- Look for discontinuity at lumbo-sacral junction
- Low back pain is main complaint
- Increased lumbar curve - lumbar is forced to extend to compensate sacrum
Describe posterior sacral base
- Also called posterior sacral base, bilateral sacral extension, extended bent sacrum
- LANDMARKS - sacral base posterior bilaterally, sacral sulci are bilaterally shallow, ILA are bilaterally anterior, sacrotuberous ligament is bilaterally loose
SPHINX TEST - positive
SPRING TEST - positive
SACRAL BASE - bilaterally negative - will not move
ILA - bilaterally positive - will move
Bilateral sacral extension is commonly found in _
- Post op patients
- Low back pain worse with forward bending
- Decreased lumbar curve - lumbar is forced into flexion to compensate for sacrum
Which axes are axes of ambulation
OBLIQUE
Sacral motion about oblique axis results in
- Neutral or non-neutral dysfunctions (compensatory) of L5
Describe right unilateral sacral flexion
- Right side of sacral base is stuck anteriorly
- Positive seated flexion test on the right
- Right sacral sulcus will be deep
- Right sacral base will be anterior
- RIght ILA is posterior and inferior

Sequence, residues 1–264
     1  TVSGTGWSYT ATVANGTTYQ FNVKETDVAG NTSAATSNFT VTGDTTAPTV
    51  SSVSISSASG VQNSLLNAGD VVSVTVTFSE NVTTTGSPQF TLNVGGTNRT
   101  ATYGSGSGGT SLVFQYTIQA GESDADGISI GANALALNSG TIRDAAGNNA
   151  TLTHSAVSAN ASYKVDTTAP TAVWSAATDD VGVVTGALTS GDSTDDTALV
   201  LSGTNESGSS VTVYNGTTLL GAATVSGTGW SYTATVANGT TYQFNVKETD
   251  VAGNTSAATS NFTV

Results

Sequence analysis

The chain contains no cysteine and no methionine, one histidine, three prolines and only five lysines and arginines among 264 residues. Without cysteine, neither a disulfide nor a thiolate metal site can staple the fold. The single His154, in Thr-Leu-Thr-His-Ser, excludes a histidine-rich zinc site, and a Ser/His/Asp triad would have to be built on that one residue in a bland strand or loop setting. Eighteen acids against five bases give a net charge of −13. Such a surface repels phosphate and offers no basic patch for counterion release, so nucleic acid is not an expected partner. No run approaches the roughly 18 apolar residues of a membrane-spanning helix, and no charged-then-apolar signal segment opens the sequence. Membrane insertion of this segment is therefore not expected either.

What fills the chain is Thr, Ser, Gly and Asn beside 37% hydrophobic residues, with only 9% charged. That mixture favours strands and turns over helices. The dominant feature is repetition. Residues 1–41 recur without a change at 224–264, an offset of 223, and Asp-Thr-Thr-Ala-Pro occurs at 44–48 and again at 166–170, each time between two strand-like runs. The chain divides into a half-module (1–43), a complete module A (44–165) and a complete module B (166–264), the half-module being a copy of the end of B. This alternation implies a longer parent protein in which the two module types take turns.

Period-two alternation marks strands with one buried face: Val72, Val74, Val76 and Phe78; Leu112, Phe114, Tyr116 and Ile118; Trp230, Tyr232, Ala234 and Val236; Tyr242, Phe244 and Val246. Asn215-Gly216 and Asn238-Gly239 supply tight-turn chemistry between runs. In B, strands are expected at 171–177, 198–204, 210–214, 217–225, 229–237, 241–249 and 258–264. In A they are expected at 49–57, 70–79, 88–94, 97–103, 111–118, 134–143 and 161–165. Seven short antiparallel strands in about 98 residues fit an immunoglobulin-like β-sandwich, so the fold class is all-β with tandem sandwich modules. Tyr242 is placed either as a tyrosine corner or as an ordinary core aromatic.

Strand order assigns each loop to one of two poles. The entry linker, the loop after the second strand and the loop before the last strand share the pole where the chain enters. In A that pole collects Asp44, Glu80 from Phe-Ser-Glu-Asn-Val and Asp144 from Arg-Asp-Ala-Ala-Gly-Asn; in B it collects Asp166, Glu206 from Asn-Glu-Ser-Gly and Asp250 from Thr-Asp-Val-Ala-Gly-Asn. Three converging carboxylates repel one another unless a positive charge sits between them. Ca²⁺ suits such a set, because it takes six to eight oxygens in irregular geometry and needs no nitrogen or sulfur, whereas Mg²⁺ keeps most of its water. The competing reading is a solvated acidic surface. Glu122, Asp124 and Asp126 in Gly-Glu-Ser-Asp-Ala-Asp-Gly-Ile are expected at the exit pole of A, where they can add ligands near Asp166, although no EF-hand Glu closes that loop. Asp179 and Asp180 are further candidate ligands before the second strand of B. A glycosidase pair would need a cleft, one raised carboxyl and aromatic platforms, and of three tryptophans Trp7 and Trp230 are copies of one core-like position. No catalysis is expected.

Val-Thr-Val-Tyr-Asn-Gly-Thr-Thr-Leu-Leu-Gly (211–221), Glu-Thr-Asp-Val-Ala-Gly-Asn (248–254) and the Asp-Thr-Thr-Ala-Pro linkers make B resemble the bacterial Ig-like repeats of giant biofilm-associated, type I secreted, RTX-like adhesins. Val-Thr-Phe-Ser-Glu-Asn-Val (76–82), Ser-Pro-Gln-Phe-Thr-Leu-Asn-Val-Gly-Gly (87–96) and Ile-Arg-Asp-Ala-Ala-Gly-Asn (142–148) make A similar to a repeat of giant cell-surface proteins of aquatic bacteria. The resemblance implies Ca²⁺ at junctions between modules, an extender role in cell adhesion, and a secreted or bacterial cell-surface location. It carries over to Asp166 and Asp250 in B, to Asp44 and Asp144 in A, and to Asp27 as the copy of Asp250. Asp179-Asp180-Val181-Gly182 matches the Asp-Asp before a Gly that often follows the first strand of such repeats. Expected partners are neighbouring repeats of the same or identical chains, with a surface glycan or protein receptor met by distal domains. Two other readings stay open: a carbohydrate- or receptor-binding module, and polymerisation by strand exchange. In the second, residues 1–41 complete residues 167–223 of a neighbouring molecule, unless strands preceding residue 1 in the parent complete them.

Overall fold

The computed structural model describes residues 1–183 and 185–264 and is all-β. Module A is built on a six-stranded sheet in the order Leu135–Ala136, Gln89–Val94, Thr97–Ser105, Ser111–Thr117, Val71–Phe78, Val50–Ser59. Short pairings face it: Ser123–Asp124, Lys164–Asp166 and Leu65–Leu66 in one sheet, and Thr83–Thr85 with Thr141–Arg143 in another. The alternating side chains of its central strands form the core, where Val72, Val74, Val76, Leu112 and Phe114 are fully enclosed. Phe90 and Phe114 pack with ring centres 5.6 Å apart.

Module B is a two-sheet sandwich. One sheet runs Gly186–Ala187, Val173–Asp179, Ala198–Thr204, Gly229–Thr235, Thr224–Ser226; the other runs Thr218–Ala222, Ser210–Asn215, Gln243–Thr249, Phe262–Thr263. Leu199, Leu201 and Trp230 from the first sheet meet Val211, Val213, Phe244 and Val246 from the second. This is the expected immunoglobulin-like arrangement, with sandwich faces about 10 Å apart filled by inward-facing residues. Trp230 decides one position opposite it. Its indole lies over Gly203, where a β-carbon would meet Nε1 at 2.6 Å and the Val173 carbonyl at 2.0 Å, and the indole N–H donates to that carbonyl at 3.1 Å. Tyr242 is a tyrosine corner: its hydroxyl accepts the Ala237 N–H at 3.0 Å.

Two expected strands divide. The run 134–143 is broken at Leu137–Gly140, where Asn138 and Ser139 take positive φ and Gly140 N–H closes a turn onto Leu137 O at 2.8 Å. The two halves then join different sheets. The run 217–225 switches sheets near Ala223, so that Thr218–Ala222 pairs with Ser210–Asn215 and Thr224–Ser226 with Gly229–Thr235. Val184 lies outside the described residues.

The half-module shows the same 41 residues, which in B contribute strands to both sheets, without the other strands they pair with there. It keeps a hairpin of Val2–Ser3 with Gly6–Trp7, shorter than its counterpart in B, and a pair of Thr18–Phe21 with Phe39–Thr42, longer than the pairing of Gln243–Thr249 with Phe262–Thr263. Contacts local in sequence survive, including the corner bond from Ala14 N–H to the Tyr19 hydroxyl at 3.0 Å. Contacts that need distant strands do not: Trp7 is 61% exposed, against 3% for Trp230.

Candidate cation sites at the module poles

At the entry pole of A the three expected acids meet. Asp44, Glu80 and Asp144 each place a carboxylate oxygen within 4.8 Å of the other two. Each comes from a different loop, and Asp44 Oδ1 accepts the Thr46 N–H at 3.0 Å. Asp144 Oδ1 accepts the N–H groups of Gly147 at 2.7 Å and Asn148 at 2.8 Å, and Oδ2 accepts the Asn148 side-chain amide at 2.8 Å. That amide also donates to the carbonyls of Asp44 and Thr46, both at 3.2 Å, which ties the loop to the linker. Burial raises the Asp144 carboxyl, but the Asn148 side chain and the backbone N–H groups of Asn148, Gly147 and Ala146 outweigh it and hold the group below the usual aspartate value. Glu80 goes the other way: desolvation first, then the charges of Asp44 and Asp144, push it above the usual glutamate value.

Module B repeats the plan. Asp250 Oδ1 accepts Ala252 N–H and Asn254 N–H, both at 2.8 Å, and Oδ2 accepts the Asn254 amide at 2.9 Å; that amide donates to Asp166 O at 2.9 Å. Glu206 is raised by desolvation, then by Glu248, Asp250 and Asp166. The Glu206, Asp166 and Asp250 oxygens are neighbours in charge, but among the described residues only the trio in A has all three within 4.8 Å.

Motion testing for right unilateral sacral flexion
- There will be no motion at the right inferior ILA - its locked down
- The base on the same side is likely to have adequate motion
- There is generally good motion at any of other locations
- Negative spring and sphynx test
Describe right unilateral sacral extension
- Right side of sacral base is stuck anteriorly
- Positive seated flexion on the right
- Right sacral sulcus are shallow
- Right sacral base is posterior
- RIght ILA is anterior/superior
- Positive spring and sphinx test
Motion testing for right unilateral sacral extension
- Restricted spring of right superior pole
- Good motion at other location
Degree of kyphosis varies with _
-Age
- Postural habits
- Pathologic conditions (osteoporosis)
Splenius capitis and cervicis difficulties lead to _